LaFontaine was born in Boucherville, Quebec in 1807 and became a prominent lawyer and politician in Lower Canada at an early age. He was a Papineau supporter as well as a member of the Parti canadien. After the rebellions of 1837-1838 broke out in response to frustrations against the British, LaFontaine and his political partner Robert Baldwin stepped in to provide an alternate voice to the radicals, proposing instead the establishment of responsible government in the colonies. Baldwin and LaFontaine formed a party of Upper and Lower Canada liberal reformers and eventually succeeded in establishing a government in 1842. Canada’s current existence and democratic foundation owes much to the work of these two political visionaries.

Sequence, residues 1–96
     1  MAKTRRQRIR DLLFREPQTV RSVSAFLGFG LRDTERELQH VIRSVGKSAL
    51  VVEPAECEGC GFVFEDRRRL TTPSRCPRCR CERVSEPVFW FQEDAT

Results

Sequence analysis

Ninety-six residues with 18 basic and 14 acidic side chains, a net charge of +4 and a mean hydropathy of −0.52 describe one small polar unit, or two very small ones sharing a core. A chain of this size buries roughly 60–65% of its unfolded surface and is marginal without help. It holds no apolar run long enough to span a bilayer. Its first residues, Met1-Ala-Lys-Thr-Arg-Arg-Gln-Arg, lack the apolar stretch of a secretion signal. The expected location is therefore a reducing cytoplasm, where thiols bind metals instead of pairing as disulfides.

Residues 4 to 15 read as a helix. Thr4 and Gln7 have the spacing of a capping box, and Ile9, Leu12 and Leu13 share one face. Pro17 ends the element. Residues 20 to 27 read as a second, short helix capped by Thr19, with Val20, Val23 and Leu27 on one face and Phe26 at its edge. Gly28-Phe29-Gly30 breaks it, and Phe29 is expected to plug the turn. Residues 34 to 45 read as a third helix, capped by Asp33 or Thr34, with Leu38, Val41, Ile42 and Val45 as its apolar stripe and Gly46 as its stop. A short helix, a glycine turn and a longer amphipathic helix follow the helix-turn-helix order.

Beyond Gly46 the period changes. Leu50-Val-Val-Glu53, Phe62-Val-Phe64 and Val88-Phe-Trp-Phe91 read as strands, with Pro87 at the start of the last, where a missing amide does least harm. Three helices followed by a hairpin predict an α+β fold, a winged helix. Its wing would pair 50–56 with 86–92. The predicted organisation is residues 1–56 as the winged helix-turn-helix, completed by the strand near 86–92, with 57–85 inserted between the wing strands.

John Ralston Saul is one of Canada’s foremost philosophers and political writers, known for his insightful commentaries on economics, culture and individualism. He was born in Ottawa in 1947 and studied at McGill and King’s College, London, earning a PhD in 1972. Some of his many achievements include the publication of five novels and nine non-fiction books, which have earned him a number of awards, including the 1996 Governor General’s Literary Award for non-fiction for his best-seller The Unconscious Civilization. Saul is the one of the founders of the LaFontaine-Baldwin Symposium, an annual Canadian forum that gathers to debate historical antecedents and the future shape of the Canadian democracy. He is also the standing President of PEN International.